- Oral presentation
- Open Access
Echocardiographic evaluation of a single bolus of erythropoietin effects on reducing ischemia-reperfusion injuries during coronary artery bypass graft surgery. A randomized, double blinded placebo control study
© Ziabakhsh Tabary et al; licensee BioMed Central Ltd. 2013
- Published: 11 September 2013
- Wall Motion
- Standard Medication
- Double Blinded Placebo
- Double Blinded Placebo Control Study
erythropoietin (EPO) is known as a regulating hormone for production of red blood cells called Erythropoiesis. Some studies have shown that erythropoietin have some non-hematopoietic protective effects on ischemia-reperfusion injury in myocardial cells. We evaluated the effect of exogenous EPO infusion on reducing ischemia-reperfusion injuries and improvement of cardiac function by echocardiography shortly after coronary artery bypass graft surgery.
43 patients were joined the study and randomly divided in two groups, EPO group: receiving standard medication and CABG surgery plus 700 IU/kg erythropoietin (PD Poietin, puyeshdaroo, Iran) and control group: receiving standard medication and CABG surgery plus 10cc normal saline as placebo. The cardiac function was assessed by Echocardiography in all patients in before, 4 days after and also 30 days after CABG operation.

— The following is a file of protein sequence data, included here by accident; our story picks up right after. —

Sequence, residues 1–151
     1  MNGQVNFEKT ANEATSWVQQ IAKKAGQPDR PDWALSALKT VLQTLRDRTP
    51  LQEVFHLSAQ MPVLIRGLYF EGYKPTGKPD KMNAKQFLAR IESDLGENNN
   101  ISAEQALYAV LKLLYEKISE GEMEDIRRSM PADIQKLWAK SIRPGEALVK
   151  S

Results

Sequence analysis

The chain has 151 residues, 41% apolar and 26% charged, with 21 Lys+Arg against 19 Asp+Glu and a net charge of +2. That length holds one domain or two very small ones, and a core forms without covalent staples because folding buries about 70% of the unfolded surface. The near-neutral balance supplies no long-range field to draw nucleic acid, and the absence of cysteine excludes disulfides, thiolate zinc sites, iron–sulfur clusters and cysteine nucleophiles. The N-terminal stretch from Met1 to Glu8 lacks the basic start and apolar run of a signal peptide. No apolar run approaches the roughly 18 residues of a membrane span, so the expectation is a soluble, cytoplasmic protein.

Echocardiography indicated that EF had no differences between EPO and control group at 4 days (47.05±6.29 vs 45.90±4.97, P=0.334) or 30 days after surgery (47.27±28 vs 46.62±5.7, P=0.69). There were no differences between EPO and control group in wall motion score index at 4 days (P=0.83) or 30 days after surgery (P=0.902). In EPO group: Left ventricle end systolic and diastolic diameter (LVESD, LVEDD) had reduction, as compared to control group.
Our data suggest that peri-operatively exogenous EPO infusion can’t improve ventricular function and Wall motion index in first weeks after surgery. But as compared to control group, reduction in LVEDD and LVESD at 4 days or 30 days after CABG surgery in EPO group suggested that EPO had correlation with reduction of myocytes remodeling and reperfusion injury early after CABG surgery.
This article is published under license to BioMed Central Ltd. This is an Open Access article distributed under the terms of the Creative Commons Attribution License (http://creativecommons.org/licenses/by/2.0), which permits unrestricted use, distribution, and reproduction in any medium, provided the original work is properly cited.